An urgent email came in from Melissa, my husband’s co-worker of nearly 3 decades. Her son Zac had rescued yet another kitten from her husband’s job site and the employees at the company needed help stat. “I can’t stand the thought of so many cats there that keep reproducing and the risks associated with that. Are there any grants or places where we can apply to have the cats altered?” Melissa asked. “Let’s try BARCS Animal Shelter, but first, how many cats are there?” “About 30 -35,” she replied. Gulp.
BARCS promptly agreed to help and allowed me to shadow Grace Fellner, their Community Cat Program Manager, on what seemed to be a daunting project. The only problem was that Grace and her trapping assistant, Libby Bartlett, would be leaving BARCS at 5:00 a.m. the following morning. Gulp again.
We headed to a bustling industrial complex in South Baltimore near the port, where we met Chris, a manager who has cared for the cats at the 20-acre site for a decade. It was already sweltering, even though the sun was just rising, and it quickly became apparent that these community cats were some of the luckiest in all of Baltimore.
As it turns out, Chris had attended a TNR workshop at BARCS back in 2009 with Community Cats Maryland and had already altered 16 cats on the property. He constructed an elaborate feeding station and erected insulated wooden shelters throughout the property. He has been feeding them daily and purchases 30 – 45 pounds of food with his own money every week. When one of the cats suffered a horrific injury, he managed to get the cat to a vet — where his leg had to be amputated — and then adopted him. The company and his co-workers have supported his efforts along the way.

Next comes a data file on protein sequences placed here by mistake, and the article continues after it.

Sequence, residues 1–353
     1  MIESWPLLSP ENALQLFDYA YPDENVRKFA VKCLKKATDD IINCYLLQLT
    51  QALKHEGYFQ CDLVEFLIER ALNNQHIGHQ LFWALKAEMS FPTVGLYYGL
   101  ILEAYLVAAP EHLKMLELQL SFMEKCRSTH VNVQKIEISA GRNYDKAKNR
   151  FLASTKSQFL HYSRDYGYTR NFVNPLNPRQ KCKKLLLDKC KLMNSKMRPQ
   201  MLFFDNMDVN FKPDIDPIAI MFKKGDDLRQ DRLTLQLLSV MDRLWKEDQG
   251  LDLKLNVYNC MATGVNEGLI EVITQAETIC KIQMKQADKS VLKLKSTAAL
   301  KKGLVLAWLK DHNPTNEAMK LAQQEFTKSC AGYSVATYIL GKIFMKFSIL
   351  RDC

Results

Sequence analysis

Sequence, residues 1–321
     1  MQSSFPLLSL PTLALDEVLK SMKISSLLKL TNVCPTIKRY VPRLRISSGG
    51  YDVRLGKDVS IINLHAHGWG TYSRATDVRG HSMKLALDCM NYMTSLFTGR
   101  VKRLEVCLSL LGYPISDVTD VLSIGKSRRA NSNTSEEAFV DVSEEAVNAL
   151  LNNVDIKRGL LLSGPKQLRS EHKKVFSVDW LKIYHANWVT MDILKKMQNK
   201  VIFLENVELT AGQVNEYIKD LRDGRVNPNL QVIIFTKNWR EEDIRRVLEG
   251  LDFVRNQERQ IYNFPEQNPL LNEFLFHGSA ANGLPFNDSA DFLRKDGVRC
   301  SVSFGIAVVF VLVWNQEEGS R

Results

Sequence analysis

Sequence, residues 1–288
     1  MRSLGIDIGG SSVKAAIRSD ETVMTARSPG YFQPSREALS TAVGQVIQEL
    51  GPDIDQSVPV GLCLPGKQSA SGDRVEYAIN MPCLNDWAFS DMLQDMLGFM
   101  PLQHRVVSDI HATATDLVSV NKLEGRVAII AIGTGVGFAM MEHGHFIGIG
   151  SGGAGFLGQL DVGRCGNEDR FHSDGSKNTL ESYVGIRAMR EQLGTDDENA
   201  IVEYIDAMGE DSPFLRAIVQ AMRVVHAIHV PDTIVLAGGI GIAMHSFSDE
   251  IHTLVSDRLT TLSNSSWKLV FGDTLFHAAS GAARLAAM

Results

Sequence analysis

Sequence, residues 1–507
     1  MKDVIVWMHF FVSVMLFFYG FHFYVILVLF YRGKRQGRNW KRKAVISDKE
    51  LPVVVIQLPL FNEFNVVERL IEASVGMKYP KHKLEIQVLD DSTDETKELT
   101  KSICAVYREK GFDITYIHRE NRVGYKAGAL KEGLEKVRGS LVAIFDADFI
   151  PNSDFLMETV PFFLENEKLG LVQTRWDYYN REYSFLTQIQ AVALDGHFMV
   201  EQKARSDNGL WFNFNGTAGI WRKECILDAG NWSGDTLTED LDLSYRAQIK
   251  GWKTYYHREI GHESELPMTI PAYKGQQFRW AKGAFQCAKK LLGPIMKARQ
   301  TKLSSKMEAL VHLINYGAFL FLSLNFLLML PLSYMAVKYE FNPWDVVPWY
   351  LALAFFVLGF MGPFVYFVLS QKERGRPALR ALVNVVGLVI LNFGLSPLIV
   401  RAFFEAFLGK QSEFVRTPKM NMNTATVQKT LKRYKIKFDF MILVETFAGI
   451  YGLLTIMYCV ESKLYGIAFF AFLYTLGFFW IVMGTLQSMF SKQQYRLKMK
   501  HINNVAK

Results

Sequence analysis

At first, I couldn’t understand why Chris didn’t want me to take his photo – or even reveal the name of his employer. “We had a stable colony that more than doubled in the past year,” he explained. “While cats may wander onto the property, you always worry that people will dump cats, especially if they know the cats are cared for.” It’s a problem every caretaker faces and the reason why colonies must be monitored constantly for new members.
After trapping 10 cats, the others went into hiding, as employees started arriving for work. We headed back to the air-conditioned community cat trailer at BARCS, where 39 additional cats were recuperating from surgery they had the day before. I watched as Grace and Libby systematically cleaned all 49 cages and gave fresh food and water to all. By this time, it was 92 degrees outside with 100% humidity and Grace and Libby were planning to return the 39 altered cats to their colonies. The work is physically demanding, but one of the most gratifying in the animal protection field.
“What’s your take-away message?” I asked them. “Tell your family, tell your friends, spay/neuter everything. No exceptions.” We have a long way to go, but we are making inroads. Overall, feline euthanasia has dropped 70% at BARCS. Kittens have benefitted the most, with a whopping 56% reduction, but euthanasia among adult cats has fallen 10% as well.
“We also need the community’s help,” Grace noted. “Our program has only 3 employees for a city of 615,000 people.” Thankfully, some people make their jobs easier. The morning’s TNR project wasn’t completed, so Libby and Grace left several traps with Chris, who trapped 4 more cats the following morning. “It appears there are 3 or 4 left that still need to be altered,” he texted me, so he’ll try a third day until 100% are fixed.
People often joke about crazy cat ladies, but the sad reality is the world needs more cat guys. There are millions of cats that need homes and even more that need help living on the streets. It’s no secret that our cat guys often get the most attention. We’re proud of our Softies such as John Rallo, who paved the way by showing the world that guys who love cats are grand.
And as to Chris, today we annoint you an honorary Softie. We wish we could broadcast your image on a billboard, but respect your decision to remain anonymous. You inspire us and give us hope – we salute you and hope countless others follow your lead.
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